North Carolina Lawmakers Reject Medicaid Expansion
North Carolina’s Republican Lawmakers are sticking by conservative principles early in Gov. Pat McCrory’s first term. Last week, he signed legislation cutting unemployment benefits. The move was an attempt to pay back debt owed the federal government earlier.
And this week, legislators voted for and sent along a piece of legislation that would reject a federal option to expand Medicaid.
The rationale Republicans gave was that expanding Medicaid would cause about 80 percent of new recipients to leave their private health insurance in favor of government sponsored aid. They based this figure on a report by the Department of Veterans Affairs. But News & Observer reporter John Frank said on The State of Things that the lead author of that report disputed Republicans’ take.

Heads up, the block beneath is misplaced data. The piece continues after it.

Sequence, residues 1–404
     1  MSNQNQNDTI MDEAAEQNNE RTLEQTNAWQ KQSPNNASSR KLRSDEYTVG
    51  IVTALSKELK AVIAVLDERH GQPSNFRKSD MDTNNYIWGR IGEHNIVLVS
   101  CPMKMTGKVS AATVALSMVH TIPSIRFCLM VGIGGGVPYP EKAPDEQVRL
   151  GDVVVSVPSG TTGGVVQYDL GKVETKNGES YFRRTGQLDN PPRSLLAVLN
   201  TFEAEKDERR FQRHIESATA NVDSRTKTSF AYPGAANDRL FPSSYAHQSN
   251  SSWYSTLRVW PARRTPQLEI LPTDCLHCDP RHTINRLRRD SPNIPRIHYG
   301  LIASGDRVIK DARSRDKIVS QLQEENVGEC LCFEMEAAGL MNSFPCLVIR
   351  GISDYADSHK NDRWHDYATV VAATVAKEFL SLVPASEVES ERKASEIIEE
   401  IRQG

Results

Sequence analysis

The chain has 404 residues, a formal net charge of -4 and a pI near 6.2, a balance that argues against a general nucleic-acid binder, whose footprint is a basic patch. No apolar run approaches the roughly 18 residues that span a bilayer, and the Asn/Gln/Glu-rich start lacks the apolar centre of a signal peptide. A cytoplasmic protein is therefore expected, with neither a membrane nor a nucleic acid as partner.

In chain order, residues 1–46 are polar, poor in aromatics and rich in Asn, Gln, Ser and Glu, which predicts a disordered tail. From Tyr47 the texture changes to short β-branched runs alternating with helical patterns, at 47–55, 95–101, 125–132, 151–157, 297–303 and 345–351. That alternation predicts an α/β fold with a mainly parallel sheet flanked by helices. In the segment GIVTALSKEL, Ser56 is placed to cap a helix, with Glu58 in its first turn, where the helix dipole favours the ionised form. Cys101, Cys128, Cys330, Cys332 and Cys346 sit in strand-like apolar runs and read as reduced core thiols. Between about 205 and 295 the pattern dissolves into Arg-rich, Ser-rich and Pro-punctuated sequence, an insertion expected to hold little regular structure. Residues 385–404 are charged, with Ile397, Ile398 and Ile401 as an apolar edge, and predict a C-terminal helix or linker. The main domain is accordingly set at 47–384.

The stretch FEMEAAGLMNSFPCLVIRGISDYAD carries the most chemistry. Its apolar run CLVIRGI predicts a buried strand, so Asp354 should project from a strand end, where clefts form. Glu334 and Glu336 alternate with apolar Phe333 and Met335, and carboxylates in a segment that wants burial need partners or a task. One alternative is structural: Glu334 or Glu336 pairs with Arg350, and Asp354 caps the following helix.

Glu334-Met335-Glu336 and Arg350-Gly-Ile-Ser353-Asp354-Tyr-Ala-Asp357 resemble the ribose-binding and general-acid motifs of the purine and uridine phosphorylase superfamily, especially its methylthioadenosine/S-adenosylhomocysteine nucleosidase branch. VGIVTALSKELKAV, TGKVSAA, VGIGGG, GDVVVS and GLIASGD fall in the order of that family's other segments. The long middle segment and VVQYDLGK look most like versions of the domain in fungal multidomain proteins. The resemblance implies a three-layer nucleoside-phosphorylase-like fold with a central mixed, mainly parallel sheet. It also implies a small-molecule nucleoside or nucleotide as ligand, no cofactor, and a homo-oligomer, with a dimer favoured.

“When we talked to the study’s author…he says that they’re misquoting the study. Pulling out a section that doesn’t apply to what they’re talking about here in North Carolina.”
The federal government agreed to pay 100 percent of the cost of new Medicaid recipients until 2016 and 90 percent after that. But lawmakers didn’t trust the government’s promise of payment.
“Republican lawmakers weren’t satisfied with that assurance, saying given the federal deficit and discussions in Washington, there really is no guarantee on any federal money right now,” Frank said.
Governor McCrory hasn’t yet signed the bill into law, but he is expected to.